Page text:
I got a surprising letter from John McCain today.
It was just two weeks ago that I wrote that money isn’t as important in politics as it used to be. Case in point: McCain, in some ways the most underfunded candidate in the primaries, came out the winner of the Republican primary season.
But in his letter to me (and if he sent this letter to me, I have to imagine he sent it to at least 50 million other American voters), McCain says that money is everything in politics.
McCain says he is desperately far behind in his campaign. He needs a minimum of $21.5 million in donations in July, he says. This is, he says, “a critical funding goal that I must meet to keep my campaign on track and get my message to the voters as we move into the next phase of the election cycle.” If he falls short, “the outcome of the election could well be determined” right then. Why, if he gets to the end of July with only $21,499,999, McCain might as well pull out of the race.
I am not about to send any money to McCain — or to any other candidate in a November election when it is only the beginning of July. But I do have a suggestion to offer.
Why not let the voters decide?
The way political strategists see it, McCain probably is right about being desperately behind. McCain cannot even pretend to be a liberal on the issues people care about, so he has little hope of matching the popular appeal of “one of the most liberal people sitting in the United States Senate today.” Four out of five political strategists would agree that McCain’s promise, repeated in the letter, never to pull U.S. forces out of Iraq probably does make it hard to get voters to pay attention to his views on the other, more important issues in the campaign. In a year when most voters are looking for massive change, it is hard to put together a winning strategy for a candidate who keeps promising more of the same.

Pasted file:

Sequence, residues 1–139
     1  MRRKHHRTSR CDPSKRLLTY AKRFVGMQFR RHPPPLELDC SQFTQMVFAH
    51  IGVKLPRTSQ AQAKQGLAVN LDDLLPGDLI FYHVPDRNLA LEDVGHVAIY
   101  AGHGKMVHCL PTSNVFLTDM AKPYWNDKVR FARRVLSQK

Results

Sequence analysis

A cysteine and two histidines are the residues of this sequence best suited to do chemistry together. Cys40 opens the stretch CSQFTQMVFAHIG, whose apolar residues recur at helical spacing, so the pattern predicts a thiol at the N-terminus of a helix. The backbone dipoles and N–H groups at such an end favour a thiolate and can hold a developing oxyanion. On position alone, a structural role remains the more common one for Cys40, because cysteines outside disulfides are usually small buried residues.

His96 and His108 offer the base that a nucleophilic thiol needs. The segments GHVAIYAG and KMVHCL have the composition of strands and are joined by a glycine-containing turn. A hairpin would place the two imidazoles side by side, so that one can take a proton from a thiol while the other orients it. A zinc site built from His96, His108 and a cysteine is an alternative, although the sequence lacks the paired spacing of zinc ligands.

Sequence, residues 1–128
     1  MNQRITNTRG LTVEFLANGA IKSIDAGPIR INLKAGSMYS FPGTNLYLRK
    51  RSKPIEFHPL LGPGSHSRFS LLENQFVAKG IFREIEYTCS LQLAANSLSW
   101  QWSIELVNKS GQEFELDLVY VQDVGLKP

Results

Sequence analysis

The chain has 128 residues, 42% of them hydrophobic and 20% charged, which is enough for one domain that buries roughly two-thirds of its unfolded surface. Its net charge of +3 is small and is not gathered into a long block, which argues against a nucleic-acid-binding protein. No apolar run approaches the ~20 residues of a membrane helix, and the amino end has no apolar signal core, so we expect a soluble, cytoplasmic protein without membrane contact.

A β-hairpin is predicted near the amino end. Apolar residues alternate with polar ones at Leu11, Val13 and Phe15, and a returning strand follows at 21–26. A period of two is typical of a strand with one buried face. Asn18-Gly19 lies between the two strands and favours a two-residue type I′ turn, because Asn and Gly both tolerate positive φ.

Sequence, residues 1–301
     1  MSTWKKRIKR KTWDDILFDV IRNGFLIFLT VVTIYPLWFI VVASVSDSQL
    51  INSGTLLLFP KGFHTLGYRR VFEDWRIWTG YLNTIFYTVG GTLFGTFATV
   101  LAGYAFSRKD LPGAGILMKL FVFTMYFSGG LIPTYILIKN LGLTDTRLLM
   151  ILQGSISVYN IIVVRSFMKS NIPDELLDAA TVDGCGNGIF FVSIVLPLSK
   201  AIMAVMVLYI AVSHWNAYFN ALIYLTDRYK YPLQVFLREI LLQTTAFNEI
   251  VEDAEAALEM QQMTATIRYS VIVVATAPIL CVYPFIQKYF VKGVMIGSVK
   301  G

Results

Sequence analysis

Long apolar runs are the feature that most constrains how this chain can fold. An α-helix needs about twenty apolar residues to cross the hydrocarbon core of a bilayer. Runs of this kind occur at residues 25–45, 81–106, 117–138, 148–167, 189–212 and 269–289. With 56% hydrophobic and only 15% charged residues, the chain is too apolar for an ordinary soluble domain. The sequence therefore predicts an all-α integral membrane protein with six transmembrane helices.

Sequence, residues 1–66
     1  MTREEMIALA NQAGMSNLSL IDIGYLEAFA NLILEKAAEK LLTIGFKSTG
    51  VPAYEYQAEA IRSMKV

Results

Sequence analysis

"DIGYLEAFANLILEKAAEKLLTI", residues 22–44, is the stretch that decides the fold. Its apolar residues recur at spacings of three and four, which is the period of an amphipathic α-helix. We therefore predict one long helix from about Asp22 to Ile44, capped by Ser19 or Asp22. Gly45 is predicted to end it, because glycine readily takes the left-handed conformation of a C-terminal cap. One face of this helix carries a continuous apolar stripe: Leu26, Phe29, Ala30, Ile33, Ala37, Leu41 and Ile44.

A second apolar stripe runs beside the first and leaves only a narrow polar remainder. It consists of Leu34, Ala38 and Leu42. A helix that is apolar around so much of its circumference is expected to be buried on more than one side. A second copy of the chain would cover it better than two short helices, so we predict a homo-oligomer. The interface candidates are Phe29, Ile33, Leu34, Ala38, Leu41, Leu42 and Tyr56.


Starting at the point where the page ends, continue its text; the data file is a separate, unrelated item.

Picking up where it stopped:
But still, pulling out of the race at the end of July is not the answer. And it’s not the right way for a candidate to be thinking about an election.
Because the election is ultimately not decided by political strategists. It is decided by voters. And not in July, but in November.
And quite frankly, a three-page letter that mentions voters only twice while mentioning money 20 times, in almost every paragraph, might give some voters the impression that a candidate cares more about money than about voters. Ten times more.
McCain might want to think about that. It is possible to make the voters feel like they are just as important as the people who write the checks. Even a candidate who is “stuck in a ‘catch up’ mode, scrambling to find supporters, scraping together resources and playing defense” can make voters feel like they have a reason to vote. But a letter that says, “money, voters, money, money, money, money, money, money, money, money, money, money, money, money, money, money, money, money, money, money, voters . . . P.S. money,” doesn’t get it done.